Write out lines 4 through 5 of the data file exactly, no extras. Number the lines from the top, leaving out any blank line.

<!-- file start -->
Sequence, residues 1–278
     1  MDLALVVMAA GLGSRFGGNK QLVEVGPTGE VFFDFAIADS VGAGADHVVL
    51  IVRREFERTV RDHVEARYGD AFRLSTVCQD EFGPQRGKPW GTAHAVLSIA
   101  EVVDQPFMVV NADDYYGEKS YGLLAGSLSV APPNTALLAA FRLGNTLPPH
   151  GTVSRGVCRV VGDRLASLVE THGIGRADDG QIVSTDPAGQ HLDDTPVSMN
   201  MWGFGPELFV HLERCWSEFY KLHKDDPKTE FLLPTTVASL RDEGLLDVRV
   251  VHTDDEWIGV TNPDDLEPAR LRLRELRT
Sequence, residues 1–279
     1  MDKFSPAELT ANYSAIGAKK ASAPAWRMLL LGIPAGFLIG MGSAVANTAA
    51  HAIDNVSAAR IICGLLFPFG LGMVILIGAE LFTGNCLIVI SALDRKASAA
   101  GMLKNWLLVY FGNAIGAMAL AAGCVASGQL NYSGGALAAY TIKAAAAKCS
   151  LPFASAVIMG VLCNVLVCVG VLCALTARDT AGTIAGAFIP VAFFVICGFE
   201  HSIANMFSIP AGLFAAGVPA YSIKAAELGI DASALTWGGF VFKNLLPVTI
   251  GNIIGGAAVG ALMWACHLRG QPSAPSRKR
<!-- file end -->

   101  EVVDQPFMVV NADDYYGEKS YGLLAGSLSV APPNTALLAA FRLGNTLPPH
   151  GTVSRGVCRV VGDRLASLVE THGIGRADDG QIVSTDPAGQ HLDDTPVSMN